Saturday, August 30, 2014


Hands up, everyone who used to have a radio like this!

Back in the day, you'd tune in a program you wanted to hear, and then it would be lost in the aether, disappearing back into the mist like Brigadoon.

But not any more. Now we have podcasts!

So it was a big thrill for me to do a live interview last week at the SciFi4Me Radio website. The subject was Alias Hook, on the program Live From the Bunker.

Big thanks to interviewer Kammie Settle and tech whiz Jason Hunt for making it all so enjoyable. Here's the link if you'd like to catch up with the podcast!

My first podcast—I feel like such a professional!

Sunday, August 24, 2014


What happens in the confessional stays in the confessional. According to Catholic law, any priest who violates the confidentiality of the booth will find himself excommunicated.

So if a priest happens to hear something dire after Mass one Sunday—like a death threat, to be carried out in one week—he has no recourse but to spend the next seven days combing through the community, hoping to identify the malcontent and diffuse the situation, or possibly even arm himself in self-defense.

At least, those would be the choices in an ordinary action thriller. But neither the Irish drama, Calvary, nor its writer and director, John Michael McDonagh, can be classified as ordinary.

Although much of the action follows the outline above, the film transcends its action, branching out into a poignant, often scathing, and even occasionally blackly humorous meditation on the human condition.
GoT fans will recognize Littlefinger in  Gleeson's wayward flock

And it mostly succeeds in its grand aims, thanks to a marvelously skilled and subtle performance by the great Brendan Gleeson in one of his best roles. He stars as a caring village priest whose parishioners practice most of the popular Deadly Sins.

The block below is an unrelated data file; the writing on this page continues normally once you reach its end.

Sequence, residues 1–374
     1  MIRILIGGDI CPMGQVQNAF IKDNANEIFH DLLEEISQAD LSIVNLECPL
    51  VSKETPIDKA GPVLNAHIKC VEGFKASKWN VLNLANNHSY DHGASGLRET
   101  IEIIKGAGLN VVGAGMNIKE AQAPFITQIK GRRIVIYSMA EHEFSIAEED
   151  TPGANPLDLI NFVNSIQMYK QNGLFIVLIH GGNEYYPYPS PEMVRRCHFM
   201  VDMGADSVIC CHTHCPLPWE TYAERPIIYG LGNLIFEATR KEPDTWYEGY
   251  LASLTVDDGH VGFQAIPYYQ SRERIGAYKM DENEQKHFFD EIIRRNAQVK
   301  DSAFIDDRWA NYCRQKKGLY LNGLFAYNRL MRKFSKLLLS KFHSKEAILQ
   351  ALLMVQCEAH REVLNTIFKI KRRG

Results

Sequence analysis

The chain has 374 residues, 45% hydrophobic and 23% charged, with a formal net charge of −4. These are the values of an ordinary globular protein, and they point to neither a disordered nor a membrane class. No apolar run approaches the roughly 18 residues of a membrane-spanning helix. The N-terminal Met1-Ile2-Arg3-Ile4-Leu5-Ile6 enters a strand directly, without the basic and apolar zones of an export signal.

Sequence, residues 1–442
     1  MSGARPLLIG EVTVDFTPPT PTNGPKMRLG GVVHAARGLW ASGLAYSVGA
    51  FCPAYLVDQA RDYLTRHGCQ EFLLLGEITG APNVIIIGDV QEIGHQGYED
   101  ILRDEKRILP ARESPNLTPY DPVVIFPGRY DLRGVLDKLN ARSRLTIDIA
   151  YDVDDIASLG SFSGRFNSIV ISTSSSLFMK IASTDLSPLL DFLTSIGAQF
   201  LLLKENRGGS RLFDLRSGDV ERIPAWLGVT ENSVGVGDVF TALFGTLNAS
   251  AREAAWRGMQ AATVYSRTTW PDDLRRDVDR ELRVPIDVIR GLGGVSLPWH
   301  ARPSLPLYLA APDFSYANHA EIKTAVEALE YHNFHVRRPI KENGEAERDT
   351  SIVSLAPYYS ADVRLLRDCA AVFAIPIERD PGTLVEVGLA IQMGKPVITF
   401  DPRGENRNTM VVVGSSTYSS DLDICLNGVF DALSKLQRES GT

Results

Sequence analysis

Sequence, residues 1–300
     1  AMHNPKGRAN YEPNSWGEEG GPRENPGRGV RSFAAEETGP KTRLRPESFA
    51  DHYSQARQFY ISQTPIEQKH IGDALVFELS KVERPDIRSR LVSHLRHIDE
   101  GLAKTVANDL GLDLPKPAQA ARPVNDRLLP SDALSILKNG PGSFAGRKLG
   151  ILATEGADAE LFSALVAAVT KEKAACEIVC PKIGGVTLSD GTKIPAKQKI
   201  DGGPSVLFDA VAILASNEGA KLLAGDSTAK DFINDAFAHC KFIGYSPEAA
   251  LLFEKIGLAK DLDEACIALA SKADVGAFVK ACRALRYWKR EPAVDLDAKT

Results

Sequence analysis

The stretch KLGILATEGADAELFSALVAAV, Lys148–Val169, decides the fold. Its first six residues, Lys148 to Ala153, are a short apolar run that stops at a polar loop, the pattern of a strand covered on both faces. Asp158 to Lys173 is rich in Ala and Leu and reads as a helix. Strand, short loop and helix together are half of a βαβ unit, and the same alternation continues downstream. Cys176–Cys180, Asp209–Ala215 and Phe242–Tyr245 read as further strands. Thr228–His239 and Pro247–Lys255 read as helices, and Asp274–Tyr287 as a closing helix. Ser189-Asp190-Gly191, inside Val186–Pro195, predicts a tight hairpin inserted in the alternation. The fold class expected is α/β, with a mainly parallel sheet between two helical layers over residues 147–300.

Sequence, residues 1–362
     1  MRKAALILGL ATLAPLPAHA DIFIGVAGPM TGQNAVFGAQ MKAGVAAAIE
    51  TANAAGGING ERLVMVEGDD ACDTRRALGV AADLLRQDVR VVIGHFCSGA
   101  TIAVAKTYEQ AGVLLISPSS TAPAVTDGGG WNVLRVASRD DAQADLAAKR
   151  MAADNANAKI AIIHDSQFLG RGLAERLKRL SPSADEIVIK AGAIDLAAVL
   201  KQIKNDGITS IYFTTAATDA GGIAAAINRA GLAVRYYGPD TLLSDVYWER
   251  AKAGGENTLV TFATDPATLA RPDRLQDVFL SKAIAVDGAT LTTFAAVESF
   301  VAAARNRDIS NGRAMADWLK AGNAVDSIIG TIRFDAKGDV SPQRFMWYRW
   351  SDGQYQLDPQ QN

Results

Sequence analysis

The film's seven Stations of the Cross symbology plays into McDonagh's larger themes of sin, virtue, sacrifice and redemption. But nothing in the film feels like a sermon. A barely recovered alcoholic widower who came late to the priesthood, Gleeson's Father James strives to be of some practical use to his parishioners.

And not by offering up a bunch of empty platitudes about God's will or Heaven and Hell

It's because he doesn't presume to tell anybody what God wants that Gleeson's flawed Father James is so appealing. (Read more)

Wednesday, August 20, 2014


A great beginning is everything.
Don't you just love it in movies about writers when the author sits down to actually write?

Author sucks at the end of a pen, or flexes his fingers over the the keyboard for about 3.2 seconds, then commences to churn out the first two or five or ten pages of his magnum opus—as perfect and divine as Athena springing full-born from the head of Zeus.

Ah, such a charming fantasy. But don't be fooled, kids. In real life, the beginning of a book is the hardest part.

Everyone knows the first couple of pages or paragraphs, or sentences are the most important of the book—especially in this ADD-afflicted era, when there is so much competition for our shrinking attention spans. But that doesn't mean those first deathless lines are going to be the very first thing you write.

In my case, those opening pages are the very last thing I write! Or at least the last thing I write well.

Nicole Kidman's Virginia Woolf, The Hours: real writers write over.